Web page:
Over a 12- to 18-month period, the company will move to offer fewer special deals and cut back on the use of mail-in rebates on products targeted at consumers and small businesses.

Firefox 2.0 Beta 1 Debuts
Among the features new to Firefox 2.0 are an in-line spell-checker, anti-phishing alerts, and restore-after-crash capability. But Mozilla says the beta is for developers, not end users.

Apple Stops Selling $899 iMac To Students, Teachers
Some Apple-enthusiast Web sites theorized that the $899 iMac had been cannibalizing sales of higher-priced Macs.

U.S., U.K. Tag RFID For Scrutiny, Regulation
In the U.S., an RFID caucus of government and industry representatives was launched today, while on the other side of the Atlantic, 31 global organizations have formed an RFID consortium and secured more than $7.5 million in funding from an EU agency.

Brief: Apple, Nike Give iPod A Workout
The Nike + iPod Sport Kit lets running shoes communicate with the user's iPod Nano and track speed, distance, and calories burned.

World Cup Broadcast Rights Hamper Internet Video Feeds
Soccer fans streamed millions of video highlights from FIFAworldcup.com, but play-by-play live coverage online was very hard to find.

AnchorFree's Growth Strategy: Make Wi-Fi Free, Secure
The company plans to charge for a secure VPN connection, but offer the Wi-Fi service free.

Wikipedians Take On Elections
Wikipedia founder Jimmy Wales is behind a new wiki designed to provide election information.

All Our Latest News

Watch The News Show

In the current episode:

John Soat With 'It's Only News'
Hackers break into State Department computers, government IT security spending is set to increase by more than a billion dollars, new telephone phishing scams abound, and more.

Eric Chabrow With 'Perfect Memory'
Freescale's new MRAM chips are expensive, but they're also revolutionary.

Peter Gorenstein With 'Garage Tech, Redux'
BMW unveils a new robotic parking system—the car parks itself with the press of a button.

----- The latest research, polls, and tools -----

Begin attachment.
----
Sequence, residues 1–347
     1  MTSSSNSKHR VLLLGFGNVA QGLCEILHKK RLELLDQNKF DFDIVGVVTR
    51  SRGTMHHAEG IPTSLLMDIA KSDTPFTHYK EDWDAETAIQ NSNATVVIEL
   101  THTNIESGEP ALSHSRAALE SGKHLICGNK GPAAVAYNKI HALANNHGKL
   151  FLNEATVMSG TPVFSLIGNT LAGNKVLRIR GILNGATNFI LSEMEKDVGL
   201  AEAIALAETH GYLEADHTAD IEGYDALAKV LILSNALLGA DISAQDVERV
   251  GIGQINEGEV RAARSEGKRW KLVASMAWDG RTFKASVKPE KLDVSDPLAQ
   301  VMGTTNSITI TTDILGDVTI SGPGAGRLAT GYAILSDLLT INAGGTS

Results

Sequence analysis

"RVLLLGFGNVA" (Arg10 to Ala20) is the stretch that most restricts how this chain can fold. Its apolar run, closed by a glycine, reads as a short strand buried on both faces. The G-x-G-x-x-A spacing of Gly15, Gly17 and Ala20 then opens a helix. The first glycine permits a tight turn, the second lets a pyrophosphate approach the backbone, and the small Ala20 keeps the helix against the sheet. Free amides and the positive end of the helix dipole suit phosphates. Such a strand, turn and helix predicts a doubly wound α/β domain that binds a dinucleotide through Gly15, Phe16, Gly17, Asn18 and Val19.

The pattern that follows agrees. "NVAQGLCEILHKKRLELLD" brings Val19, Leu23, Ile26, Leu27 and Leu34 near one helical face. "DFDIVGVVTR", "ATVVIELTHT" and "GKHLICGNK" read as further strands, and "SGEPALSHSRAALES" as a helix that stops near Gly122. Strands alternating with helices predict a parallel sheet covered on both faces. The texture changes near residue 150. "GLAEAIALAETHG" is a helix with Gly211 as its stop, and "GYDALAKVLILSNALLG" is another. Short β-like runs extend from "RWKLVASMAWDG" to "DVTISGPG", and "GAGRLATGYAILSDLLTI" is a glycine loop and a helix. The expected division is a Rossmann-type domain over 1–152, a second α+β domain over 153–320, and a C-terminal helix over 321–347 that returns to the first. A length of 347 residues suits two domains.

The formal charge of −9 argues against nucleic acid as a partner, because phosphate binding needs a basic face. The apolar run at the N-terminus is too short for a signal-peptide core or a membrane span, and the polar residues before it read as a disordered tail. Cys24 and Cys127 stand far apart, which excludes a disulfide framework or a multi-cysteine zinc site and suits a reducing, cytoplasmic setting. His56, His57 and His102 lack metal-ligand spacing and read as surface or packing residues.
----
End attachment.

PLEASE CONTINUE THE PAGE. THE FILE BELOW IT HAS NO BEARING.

Protecting Customer Data
Identity theft is on the rise across the globe. How do your security strategies for protecting customer data stack up? Learn how your peers are protecting customer data and managing privacy issues in the InformationWeek/Accenture Global Information Security Survey of more than 2,000 technology and security professionals.

Can You Hear Me Now?
Learn how security issues are impacting companies installing VoIP in this recent report by InformationWeek Research. Use this report to understand the challenges you may face in your deployment and how security concerns can affect your installation, network, and security.

A Week's Worth Of Dailies—All In One Place
Have you missed an issue or two of the InformationWeek Daily? Or want to check out some recent quotes of the day? Check out our Daily newsletter archive page and get caught up quickly.

-----------------------------------------

4. Grab Bag

The Art Of News Feeds (Wired News)
Newsreaders and RSS aggregators aren't known for being particularly flashy. But some mash-ups transform headlines, photos, and other ephemeral nuggets into expressive exhibitions. The result? Bohemian RSS.

Marvin Minsky On Common Sense And Computers That Emote (Technology Review)
As artificial intelligence research celebrates its 50th birthday, the MIT icon asks what makes the minds of three-year-olds tick.

Open Source Takes On Telecom (BusinessWeek)
Digium CEO Mark Spencer explains how he's woven freely available software into a low-priced phone system for businesses.


5. In Depth: Reviews And Personal Tech

Review: Can Xandros Linux Desktop Replace Windows Media Center Edition?
With its Linux desktop product, Xandros is focusing on a shortlist of features to push Microsoft off the desktop. Does it have what it takes?

Review: Archos 104 Digital Audio Player
Despite a low price, the Archos 104 has a crisp, 1.5-inch color display and Windows-like navigation. Also exemplary is the sound quality, which is crisp, balanced, and clear, and the volume is strong. It's no iPod-killer, however, and it won't be the best choice for most buyers.

Review: Scott eVest Performance T-Shirt
Scott eVest's newest bit of wired clothing is one of its best efforts yet. Cool, light, and really sharp-looking, this is nothing like your father's "pocket T."

Review: Samsung Q1 Ultra Mobile PC
This all-in-one Ultra Mobile PC gadget is cool, but not quite ready for prime time.

Hot Apps: JAJAH For Phone-To-Phone VoIP
With charges that range from zero to 2.5 cents per minute and features like integration with your address book, this phone-to-phone VoIP service rocks.

Best Bits: Vista And The Hardware Monster, Part 2
The path to running Windows Vista on a computer made from a bucket of parts comes to a semi-happy ending.


6. Voice Of Authority

Dual-Core Price War Looms As Conroe Approaches
Alexander Wolfe says: A new upgrade cycle and accompanying PC sales boom could be in the offing, with consumers and enterprises beginning to move to dual-core in a major way, thanks to lower prices from AMD and Intel.


7. White Papers

From Bar Codes To Smart Labels
Smart labels may be the easiest, least disruptive, and least costly way to implement RFID in your U.S.-based facility. Find out how smart labels combine RFID with bar-coding for case/pallet pilot applications and how printer/encoders are the engine for getting started.


8. Get More Out Of InformationWeek